What Happens When You Click A Phishing Email?

According to the FBI/IC3, business email compromise and email account compromise (BEC/EAC)  made up the most financial loss of any type of cybercrime last year, with losses totaling $1,297,803,489. Phishing emails are designed to compromise your account and personal information through social engineering and malicious links. This type of cyber-attack can hit anyone. From individuals to corporate employees, no one is immune to phishing attempts in their inbox. What happens when you click a malicious link, and how can you ‘Own IT. Secure IT. Protect IT.’ when you are on the receiving end of a phishing attempt? We’re here to help. 

Phishing emails can be designed to look nearly identical to the reputable source that they’re imitating. Just because something looks legitimate, does not mean it is. Over time, phishing has become more sophisticated and targeted. So, let’s say you received an email posing as your company asking you to click a link for a routine password change. It seems harmless and you want to follow company procedures, so you click! 

Now, you’ve clicked and quickly realized your mistake when you were directed to a malicious page. This may seem scary and unfamiliar. Remember that phishing can happen to anyone and that there are steps that you can take to protect yourself and your organization. Start by reporting the incident and locking down your accounts. Our recovery resource database, FraudSupport.org, covers these steps in detail. Report to the proper agencies and to your employer. Small business owners can utilize our partner’s business recovery solutions in the face of phishing attacks. When you report, be sure to do a security-check, change your passwords, and enable two-factor authentication on all accounts immediately.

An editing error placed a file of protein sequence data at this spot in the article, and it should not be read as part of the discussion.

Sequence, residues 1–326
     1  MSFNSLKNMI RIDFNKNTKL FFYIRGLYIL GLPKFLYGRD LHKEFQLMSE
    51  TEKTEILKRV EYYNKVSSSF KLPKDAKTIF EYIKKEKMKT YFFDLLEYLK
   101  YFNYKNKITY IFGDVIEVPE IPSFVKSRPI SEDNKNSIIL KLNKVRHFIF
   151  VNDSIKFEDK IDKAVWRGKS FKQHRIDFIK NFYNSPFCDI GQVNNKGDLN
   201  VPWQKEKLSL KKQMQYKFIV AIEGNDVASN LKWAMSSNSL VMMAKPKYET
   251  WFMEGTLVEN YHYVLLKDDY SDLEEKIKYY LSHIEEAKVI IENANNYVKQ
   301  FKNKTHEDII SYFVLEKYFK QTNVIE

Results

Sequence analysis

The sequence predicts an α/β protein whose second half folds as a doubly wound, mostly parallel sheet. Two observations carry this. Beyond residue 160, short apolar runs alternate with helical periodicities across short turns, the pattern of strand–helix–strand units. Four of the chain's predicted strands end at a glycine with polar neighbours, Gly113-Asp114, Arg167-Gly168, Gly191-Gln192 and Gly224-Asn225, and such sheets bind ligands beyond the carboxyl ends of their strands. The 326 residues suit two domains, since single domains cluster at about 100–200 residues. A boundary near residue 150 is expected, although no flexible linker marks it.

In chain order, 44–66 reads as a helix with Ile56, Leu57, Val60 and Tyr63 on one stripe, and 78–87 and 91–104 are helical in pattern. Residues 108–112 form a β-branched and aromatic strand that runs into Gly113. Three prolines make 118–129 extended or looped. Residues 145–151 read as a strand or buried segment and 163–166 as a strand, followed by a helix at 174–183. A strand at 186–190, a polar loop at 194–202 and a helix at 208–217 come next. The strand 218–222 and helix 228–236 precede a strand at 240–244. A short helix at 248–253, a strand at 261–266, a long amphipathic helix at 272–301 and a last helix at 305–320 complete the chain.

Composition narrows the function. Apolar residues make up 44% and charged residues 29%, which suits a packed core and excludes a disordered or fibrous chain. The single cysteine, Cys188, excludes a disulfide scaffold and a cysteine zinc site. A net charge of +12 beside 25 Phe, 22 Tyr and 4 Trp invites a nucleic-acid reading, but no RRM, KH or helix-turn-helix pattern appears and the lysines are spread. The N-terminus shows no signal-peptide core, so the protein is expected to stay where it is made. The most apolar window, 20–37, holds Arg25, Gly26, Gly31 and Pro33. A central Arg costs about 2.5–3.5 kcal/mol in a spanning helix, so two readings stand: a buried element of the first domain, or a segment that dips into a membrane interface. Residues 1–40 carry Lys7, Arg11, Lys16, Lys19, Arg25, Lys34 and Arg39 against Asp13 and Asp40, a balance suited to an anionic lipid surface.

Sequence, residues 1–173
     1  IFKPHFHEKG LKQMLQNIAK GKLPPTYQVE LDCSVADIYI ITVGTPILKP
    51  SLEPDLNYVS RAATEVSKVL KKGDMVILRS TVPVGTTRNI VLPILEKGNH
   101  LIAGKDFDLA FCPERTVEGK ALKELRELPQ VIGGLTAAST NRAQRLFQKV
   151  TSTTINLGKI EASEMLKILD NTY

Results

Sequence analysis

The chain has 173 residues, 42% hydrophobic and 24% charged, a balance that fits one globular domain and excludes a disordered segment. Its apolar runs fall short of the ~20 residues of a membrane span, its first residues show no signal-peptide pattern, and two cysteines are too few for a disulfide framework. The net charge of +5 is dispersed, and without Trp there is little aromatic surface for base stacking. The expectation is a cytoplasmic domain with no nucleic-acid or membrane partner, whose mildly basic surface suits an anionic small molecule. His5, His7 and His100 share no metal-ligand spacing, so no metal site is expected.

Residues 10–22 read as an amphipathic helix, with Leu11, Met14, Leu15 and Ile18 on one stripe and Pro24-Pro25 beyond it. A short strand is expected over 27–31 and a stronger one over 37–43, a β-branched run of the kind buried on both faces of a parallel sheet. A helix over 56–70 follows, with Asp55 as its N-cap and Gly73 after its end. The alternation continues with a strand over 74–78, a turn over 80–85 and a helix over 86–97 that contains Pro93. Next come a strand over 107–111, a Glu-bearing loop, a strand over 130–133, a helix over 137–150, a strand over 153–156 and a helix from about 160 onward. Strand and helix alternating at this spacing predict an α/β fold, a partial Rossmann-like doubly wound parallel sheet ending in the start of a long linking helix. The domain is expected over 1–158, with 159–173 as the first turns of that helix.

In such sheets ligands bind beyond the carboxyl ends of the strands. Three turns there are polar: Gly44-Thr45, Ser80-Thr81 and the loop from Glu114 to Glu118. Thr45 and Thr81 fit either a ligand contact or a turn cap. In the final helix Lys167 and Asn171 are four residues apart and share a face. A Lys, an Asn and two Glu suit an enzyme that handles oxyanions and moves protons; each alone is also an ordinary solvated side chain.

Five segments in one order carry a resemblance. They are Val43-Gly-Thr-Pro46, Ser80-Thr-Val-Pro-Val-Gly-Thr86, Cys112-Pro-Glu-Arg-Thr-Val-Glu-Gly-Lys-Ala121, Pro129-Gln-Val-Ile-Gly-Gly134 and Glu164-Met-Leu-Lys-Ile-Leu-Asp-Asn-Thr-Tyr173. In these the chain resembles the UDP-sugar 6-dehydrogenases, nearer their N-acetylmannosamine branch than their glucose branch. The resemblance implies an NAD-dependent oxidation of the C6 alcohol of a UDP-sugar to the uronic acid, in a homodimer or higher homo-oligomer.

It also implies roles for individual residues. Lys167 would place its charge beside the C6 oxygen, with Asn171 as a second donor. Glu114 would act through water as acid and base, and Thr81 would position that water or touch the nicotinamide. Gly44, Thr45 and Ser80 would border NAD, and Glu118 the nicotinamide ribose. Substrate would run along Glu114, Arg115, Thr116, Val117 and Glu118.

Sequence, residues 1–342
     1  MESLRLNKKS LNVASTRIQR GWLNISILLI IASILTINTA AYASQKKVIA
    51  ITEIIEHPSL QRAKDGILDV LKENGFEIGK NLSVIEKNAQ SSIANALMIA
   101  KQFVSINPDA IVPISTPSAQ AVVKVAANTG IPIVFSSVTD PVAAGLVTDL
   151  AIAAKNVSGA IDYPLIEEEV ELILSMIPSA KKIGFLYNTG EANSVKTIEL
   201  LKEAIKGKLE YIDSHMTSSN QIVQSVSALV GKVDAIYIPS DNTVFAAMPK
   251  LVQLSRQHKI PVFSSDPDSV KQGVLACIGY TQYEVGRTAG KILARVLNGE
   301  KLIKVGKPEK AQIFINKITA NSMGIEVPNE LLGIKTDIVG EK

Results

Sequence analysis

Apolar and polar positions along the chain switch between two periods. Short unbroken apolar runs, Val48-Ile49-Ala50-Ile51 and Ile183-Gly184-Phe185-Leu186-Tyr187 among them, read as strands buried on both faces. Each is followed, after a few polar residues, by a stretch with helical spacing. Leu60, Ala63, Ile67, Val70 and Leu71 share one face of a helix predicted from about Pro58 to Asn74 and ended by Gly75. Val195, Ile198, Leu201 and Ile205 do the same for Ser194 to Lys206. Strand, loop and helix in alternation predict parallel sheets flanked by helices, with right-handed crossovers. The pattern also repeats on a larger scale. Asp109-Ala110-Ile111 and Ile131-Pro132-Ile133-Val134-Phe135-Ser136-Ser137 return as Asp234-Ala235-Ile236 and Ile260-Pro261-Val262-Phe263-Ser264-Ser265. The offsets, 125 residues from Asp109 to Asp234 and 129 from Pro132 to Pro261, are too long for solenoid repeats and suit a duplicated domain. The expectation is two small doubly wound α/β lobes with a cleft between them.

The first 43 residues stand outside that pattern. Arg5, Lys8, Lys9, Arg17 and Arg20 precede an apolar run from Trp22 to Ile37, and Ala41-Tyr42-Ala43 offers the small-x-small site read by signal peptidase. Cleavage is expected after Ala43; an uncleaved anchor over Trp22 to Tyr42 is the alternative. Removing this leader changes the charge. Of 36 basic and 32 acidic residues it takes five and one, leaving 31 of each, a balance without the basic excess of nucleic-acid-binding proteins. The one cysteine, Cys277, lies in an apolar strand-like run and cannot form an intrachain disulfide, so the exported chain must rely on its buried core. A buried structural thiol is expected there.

When you’re on the receiving end of an email like this in the future, there are a few red flags to look for:

  • Always use extra caution with anything that has to do with your passwords or personal information. Ex: If you’ve received an email asking you to reset your password and you did not initiate the reset, do not give out your credentials or click any links in the message.
  • The contact name may appear to be your employer but check the actual email address. Are there misspellings or extra characters added? Is it an address you don’t recognize at all? It’s probably a phishing attempt.
  • If an email requests that you open a link or download an attachment, use extreme caution. The spam filter on your email will not catch everything. Clicking on malicious links or downloads can put viruses on your device and give cybercriminals access to your information. Always take a moment to assess the legitimacy of the message; “Is this an email from a legitimate sender that I know and recognize? Does it make sense that I am receiving this email or does it seem out-of-the-blue?” It’s important to trust your gut and use all context clues in these situations.


Once the dust has settled and you’ve regained control and security on your accounts, you’re ready to start reinforcing your cybersecurity for the future. Remember to look for the red flags we mentioned, and always use extreme caution when clicking emailed links. Small business owners can also utilize our partner’s business security solutions to maintain cybersecurity going forward. We recommend using resources like KnowBe4’s phishing simulation to train employees in the face of phishing attacks.

FBI/IC3 https://www.ic3.gov/default.aspx